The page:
During the month of April, Zeiss USA generously loaned me 2 lenses, the Carl Zeiss 28mm f2 ZE and 35mm f2 ZE. I tested them in Death Valley National Park, Antelope Valley Poppy Preserve, Carrizo Plains National Monument, and Olympic National Park. I needed a static subject with even light so that I could effectively compare several lenses at once. I found this scene for my tests during my recent Olympic National Park Photography Tour. This is my favorite image.
I’ve generally been content with my Canon 17-40mm f4 lens, but have always wondered about the benefits of sharper glass. While investigating my options, I learned about the Zeiss lenses designed for Canon. I contacted Zeiss USA about borrowing a few of their lenses and was pleased that they agreed. I requested the 28mm f2 and 35mm f2, because they are the focal range that I most often shoot.
The Zeiss lenses are manual focus and designed to fit directly on a Canon EOS mount. I liked the smooth action when adjusting the focus barrel, but especially liked the hyperfocal focusing scale on each lens. Ever since I switched over to shooting digital landscapes, I’ve missed my Pentax 67 prime lenses which had hyperfocal scales. On my Canon 17-40mm f4 lens there isn’t one since it is a zoom, so I just bump the ∞ mark to the right slightly of the focus line to accomplish the same effect. I typically push my depth-of-field more than a lot of photographers. I don’t mind the foreground being slightly soft as the viewer enters my composition, but it quickly becomes sharp throughout the majority of the image. I make sure that my background subject is always in focus by reviewing my images at 100% and adjusting my ∞ mark if necessary.
A lot of photographers prefer to shoot landscape images backed off from the foreground so that they can shoot closer to f11 to avoid lens diffraction. I prefer my compositions to be super tight and down low, so I compromise by using smaller apertures to get more depth-of-field. At f16-f22 lens diffraction occurs. It is clearly visible in my results, but I prefer it to losing depth-of-field.
When reviewed on my Canon 5DmkII’s LCD, the images I took with the Zeiss lenses appeared bolder than the images I had taken with my 17-40. When I downloaded them to my laptop, I could clearly see that the images were much sharper edge-to-edge than when I had used my zoom. Whereas my 17-40 only felt in focus in the middle 60% of the image, the Zeiss lenses were sharp throughout 90% or more of the image.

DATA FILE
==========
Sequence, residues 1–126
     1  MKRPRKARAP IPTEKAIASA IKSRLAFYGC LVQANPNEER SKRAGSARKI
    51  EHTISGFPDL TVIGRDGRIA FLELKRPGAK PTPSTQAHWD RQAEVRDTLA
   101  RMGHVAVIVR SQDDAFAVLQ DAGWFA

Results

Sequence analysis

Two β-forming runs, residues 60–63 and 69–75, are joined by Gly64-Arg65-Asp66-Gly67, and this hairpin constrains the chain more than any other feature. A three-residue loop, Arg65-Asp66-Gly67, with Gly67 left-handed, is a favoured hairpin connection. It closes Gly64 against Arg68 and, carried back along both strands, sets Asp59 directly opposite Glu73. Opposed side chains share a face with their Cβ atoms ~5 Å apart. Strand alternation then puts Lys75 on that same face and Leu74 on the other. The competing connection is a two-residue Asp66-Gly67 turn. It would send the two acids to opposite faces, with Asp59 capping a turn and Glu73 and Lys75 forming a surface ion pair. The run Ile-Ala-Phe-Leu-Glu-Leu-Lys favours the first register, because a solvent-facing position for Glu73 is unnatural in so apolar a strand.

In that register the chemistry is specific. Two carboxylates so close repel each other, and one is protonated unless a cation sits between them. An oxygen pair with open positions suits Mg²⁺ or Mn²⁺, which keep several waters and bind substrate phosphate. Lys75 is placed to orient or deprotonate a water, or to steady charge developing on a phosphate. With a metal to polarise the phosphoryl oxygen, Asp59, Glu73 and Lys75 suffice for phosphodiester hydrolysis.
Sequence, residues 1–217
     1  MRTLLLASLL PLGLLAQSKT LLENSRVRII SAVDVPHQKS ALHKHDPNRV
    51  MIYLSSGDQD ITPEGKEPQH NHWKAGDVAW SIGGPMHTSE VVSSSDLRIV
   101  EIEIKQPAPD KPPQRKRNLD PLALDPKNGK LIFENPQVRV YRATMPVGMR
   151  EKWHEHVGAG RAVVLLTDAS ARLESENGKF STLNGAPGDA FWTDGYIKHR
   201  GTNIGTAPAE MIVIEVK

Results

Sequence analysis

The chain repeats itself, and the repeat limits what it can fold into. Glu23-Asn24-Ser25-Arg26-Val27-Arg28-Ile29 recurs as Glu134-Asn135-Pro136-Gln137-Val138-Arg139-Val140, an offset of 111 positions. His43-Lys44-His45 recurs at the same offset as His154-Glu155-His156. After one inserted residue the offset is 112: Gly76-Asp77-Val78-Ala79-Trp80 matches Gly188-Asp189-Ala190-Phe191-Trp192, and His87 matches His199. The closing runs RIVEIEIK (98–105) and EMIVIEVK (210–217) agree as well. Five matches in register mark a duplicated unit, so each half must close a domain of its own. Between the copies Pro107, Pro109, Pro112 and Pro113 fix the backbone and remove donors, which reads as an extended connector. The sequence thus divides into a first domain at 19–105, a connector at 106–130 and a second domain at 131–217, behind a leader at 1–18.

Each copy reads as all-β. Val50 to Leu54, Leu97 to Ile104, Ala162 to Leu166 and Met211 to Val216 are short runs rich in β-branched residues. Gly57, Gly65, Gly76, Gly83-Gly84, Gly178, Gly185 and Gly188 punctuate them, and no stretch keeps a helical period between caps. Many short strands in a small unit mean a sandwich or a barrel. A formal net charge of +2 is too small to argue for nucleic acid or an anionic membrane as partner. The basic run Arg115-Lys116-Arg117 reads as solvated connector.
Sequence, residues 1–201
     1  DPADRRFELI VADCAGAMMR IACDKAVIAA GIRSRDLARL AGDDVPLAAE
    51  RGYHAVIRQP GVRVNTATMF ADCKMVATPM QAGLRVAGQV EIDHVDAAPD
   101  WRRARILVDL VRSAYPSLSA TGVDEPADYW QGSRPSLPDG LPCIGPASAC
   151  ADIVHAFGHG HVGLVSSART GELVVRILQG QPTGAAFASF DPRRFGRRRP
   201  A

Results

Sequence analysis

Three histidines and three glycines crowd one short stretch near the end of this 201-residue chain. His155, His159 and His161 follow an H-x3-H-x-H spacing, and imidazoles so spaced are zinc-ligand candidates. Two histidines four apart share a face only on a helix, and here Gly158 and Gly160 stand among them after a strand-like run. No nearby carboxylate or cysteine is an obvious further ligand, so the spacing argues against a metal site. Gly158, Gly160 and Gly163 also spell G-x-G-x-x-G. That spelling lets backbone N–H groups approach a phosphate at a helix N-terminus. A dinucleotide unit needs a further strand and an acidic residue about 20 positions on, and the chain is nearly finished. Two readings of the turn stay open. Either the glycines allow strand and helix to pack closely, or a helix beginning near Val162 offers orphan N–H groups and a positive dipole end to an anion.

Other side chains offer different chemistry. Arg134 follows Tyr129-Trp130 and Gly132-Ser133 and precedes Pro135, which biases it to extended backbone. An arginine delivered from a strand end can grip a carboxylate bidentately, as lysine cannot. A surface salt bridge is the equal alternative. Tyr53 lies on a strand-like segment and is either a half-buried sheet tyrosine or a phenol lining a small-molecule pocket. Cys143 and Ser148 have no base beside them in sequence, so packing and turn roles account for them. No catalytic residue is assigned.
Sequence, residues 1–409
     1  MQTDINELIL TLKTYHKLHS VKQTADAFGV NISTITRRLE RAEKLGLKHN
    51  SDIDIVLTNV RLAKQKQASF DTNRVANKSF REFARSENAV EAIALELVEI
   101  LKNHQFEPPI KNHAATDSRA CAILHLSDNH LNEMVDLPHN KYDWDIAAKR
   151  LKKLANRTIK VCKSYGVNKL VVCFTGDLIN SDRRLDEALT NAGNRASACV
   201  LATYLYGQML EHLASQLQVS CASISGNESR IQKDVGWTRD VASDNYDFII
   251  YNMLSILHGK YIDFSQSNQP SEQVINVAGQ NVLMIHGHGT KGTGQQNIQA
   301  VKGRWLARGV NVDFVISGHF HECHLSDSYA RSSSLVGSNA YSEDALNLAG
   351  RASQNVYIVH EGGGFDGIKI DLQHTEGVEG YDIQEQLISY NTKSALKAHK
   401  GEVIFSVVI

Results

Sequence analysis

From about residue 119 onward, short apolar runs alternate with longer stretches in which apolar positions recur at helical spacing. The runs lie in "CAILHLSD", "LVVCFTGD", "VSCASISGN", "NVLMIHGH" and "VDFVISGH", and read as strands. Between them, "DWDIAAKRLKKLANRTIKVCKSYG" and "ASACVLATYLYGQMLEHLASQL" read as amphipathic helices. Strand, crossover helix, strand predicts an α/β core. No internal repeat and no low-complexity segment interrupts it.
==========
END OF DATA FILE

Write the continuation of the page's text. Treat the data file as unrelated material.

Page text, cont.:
I also compared the Canon 16-35mm f2.8 II and Canon 35mm f1.4 to the Zeiss lenses. My test results are available on my blog. Please feel free to download any of these sample images and view them side-by-side. All of these test images are from my un-adjusted RAW files that were created in real world shooting conditions. I took the same image using the same settings. I also used a Singh-Ray LB Warming Polarizer on all of my test images to reduce the glare on the leaves.
My biggest surprise was that my Canon 17-40mm f4 lens created images that were not as disappointing as I would have thought compared to those created with the Zeiss lenses. However, now that I can see the difference I don’t care for the barrel-distortion created by my zoom. I was not impressed with the Canon 16-35mm f2.8 II. Perhaps my hyperfocal approximation was slightly off since I was unfamiliar with this lens? However, I was conservative in my hyperfocal focusing in that I barely moved the ∞ mark to the right of the focus line. I was totally disappointed with the Canon 35mm f1.4, which was the least contrasty of the lenses I tested and nowhere near as sharp as the Zeiss lenses.
I am so impressed with the Carl Zeiss 28mm f2 ZE and 35mm f2 ZE that I am purchasing them (with a modest discount from Zeiss USA). They cost $1283 and $1004 respectively. The 35mm f2 is a significant improvement and the 28mm f2 is a slight improvement over my Canon 17-40mm f4. This corroborates the general buzz that I have heard about these lenses. My test results convinced me that the Carl Zeiss lenses are a better investment than upgrading to the Canon 16-35mm f2.8 II, especially if one doesn’t require auto-focus. For anyone not in the market to upgrade their lenses, I think that the Canon 17-40mm f4 is still a great value. I will continue to use it to shoot super-wide landscape scenes until I can test/afford a better lens. However, if you are in the market to upgrade your lens arsenal, you won’t be disappointed with these Carl Zeiss options.